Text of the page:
Postscript

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Lawrence Sterne, after a lifetime of peculiarities, and becoming notorious as an eccentric, curious and able writer, at his death was buried in a graveyard near Tyburn, belonging to the Parish of Mary-le-bone, and the ‘resurrection man’ disinterred his corpse and conveyed it to the professor of anatomy at Cambridge where being laid upon the dissecting table, was at once recognized by one of those present who knew him well while living.

Bizarre Notes & Queries, February 1886

Cold Case

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A son of William the Conqueror, William II of England is remembered mostly for the curious manner of his death. In August 1100, William organized a hunting expedition in the New Forest. In sharing arrows with the Anglo-Norman nobleman Walter Tirel, he said, “It is only right that the sharpest be given to the man who knows how to shoot the deadliest shots.” That was tempting fate, apparently: The king did not return after the hunt, and his body was discovered the next day with an arrow piercing his lungs.

Walter fled to France, but chroniclers generally don’t consider him a murderer. He was a skilled bowman, unlikely to fire impetuously, and the abbot who sheltered him in France heard him swear repeatedly that he had not been in the part of the forest where the king was hunting. On the other hand, William’s brother Henry was also in the hunting party, and he stood to gain (and did) from William’s death.

So what really happened? We’ll never know.

In Memoriam

Epitaph of John Laird McCaffery (1940-1995), who lies in Montreal’s Mount Royal Cemetery:

John:

Free your body
Unfold your powerful wings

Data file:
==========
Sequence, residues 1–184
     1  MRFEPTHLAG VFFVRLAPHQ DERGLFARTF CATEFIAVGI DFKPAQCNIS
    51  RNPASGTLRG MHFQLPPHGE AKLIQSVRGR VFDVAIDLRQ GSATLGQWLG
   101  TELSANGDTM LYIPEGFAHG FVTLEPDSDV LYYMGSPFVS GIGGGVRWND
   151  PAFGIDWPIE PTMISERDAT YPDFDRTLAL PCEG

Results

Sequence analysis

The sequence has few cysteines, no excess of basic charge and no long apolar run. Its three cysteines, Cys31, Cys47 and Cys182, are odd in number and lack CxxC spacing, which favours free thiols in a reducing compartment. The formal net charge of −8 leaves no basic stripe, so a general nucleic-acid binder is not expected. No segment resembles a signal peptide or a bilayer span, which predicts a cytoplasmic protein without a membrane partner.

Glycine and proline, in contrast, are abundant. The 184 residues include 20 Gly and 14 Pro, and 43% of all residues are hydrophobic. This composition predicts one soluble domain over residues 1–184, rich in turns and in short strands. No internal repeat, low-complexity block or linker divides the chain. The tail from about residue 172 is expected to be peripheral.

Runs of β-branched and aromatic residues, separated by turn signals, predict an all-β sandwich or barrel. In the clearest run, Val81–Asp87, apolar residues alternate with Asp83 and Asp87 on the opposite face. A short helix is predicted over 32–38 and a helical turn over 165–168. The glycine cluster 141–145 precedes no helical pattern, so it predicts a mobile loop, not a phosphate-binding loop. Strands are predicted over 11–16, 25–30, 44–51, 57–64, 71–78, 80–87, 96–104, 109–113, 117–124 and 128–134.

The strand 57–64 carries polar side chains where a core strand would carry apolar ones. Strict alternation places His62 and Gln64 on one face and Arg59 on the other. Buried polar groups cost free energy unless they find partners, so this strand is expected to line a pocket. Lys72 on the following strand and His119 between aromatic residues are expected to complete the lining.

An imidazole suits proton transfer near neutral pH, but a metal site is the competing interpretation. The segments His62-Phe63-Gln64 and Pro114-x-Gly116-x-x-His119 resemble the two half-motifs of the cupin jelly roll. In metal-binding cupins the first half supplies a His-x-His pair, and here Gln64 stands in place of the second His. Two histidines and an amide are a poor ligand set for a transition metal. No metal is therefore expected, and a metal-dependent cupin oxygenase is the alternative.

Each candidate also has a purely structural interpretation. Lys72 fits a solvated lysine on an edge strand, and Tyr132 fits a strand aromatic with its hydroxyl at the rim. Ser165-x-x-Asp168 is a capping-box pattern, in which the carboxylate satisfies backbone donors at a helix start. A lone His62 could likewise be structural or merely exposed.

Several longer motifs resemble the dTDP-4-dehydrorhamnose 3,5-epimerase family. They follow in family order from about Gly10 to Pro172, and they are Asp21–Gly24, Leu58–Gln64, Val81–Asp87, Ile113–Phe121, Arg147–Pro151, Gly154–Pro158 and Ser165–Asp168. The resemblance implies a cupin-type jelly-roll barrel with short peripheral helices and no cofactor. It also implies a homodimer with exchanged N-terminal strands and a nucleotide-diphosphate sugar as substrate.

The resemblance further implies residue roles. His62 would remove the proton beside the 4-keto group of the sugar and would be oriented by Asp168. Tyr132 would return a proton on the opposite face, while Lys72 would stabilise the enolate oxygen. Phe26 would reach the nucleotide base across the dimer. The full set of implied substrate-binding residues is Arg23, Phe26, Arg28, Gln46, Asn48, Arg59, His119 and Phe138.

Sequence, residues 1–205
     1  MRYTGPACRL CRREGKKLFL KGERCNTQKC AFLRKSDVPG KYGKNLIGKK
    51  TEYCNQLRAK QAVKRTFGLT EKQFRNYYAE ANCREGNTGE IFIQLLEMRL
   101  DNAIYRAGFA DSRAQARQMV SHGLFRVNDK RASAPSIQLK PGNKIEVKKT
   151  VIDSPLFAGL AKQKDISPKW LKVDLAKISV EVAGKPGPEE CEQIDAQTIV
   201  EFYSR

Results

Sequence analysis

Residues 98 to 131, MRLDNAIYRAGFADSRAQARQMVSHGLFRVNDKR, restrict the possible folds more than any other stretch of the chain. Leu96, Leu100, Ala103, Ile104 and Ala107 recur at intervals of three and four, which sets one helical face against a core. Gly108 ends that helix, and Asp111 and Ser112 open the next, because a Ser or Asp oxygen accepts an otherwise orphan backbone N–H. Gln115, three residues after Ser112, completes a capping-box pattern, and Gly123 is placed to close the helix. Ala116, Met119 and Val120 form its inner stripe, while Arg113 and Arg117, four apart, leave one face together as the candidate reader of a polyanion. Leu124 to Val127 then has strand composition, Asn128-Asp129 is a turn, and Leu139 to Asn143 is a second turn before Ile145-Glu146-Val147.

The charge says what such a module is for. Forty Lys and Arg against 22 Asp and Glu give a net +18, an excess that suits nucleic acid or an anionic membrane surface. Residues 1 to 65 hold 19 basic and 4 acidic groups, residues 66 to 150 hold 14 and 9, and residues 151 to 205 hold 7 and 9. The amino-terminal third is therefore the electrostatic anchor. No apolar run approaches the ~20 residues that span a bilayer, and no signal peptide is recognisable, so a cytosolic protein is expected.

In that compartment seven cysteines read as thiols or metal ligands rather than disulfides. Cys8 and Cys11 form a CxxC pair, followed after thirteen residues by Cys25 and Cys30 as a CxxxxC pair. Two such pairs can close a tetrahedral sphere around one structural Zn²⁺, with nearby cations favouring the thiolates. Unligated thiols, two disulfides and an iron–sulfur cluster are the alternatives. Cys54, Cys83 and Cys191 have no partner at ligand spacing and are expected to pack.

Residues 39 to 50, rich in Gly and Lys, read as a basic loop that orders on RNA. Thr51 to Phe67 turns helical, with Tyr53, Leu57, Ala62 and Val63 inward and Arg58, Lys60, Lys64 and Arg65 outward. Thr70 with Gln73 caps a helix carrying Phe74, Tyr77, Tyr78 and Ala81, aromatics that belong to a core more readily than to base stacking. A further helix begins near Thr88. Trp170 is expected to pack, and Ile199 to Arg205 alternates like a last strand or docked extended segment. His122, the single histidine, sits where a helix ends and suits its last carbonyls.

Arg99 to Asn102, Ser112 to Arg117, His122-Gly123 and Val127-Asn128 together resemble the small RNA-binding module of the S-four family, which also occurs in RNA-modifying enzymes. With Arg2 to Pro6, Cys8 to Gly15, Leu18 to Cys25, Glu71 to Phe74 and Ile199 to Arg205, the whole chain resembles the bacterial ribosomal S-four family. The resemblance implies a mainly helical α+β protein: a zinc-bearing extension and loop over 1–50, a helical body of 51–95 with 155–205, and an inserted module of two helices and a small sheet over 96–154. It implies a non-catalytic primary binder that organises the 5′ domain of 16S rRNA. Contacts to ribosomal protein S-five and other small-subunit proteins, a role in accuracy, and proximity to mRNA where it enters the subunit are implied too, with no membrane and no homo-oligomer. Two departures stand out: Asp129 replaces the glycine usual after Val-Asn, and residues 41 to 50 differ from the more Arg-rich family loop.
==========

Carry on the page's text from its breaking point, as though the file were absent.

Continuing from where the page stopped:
Climb up the highest mountains
Kick your feet up in the air
You may now live forever
Or return to this earth
Unless you feel good where you are!

It was composed jointly by his ex-wife and mistress.

Read the first letter of each line.

Hic Jacet

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Unfortunate grave inscriptions, collected by Susan Darling Safford in Quaint Epitaphs (1895):

The little hero that lies here
Was conquered by the diarrhoea.
(Portland, Maine)

JOHN PHILLIPS
Accidentally shot as a mark of affection by his brother.
(Maine)

Our little Jacob has been taken away to bloom in a superior flower pot above.
(Vermont)

Beneath this stone our baby lays,
He neither crys nor hollers.
He lived just one and twenty days,
And cost us forty dollars.
(Vermont)

Grim death took little Jerry,
The son of Joseph and Sereno Howells,
Seven days he wrestled with the dysentery
And then he perished in his little bowels.
(Vermont)

Here lies the body of Dr. Hayward,
A man who never voted.
Of such is the kingdom of Heaven.
(Wayland, Massachusetts)

“In Event of Moon Disaster”

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On July 18, 1969, two days before the first lunar landing, presidential speechwriter William Safire composed the following text to be read by President Nixon if astronauts Neil Armstrong and Edwin Aldrin were stranded on the moon:

Fate has ordained that the men who went to the moon to explore in peace will stay on the moon to rest in peace.

These brave men, Neil Armstrong and Edwin Aldrin, know that there is no hope for their recovery. But they also know that there is hope for mankind in their sacrifice.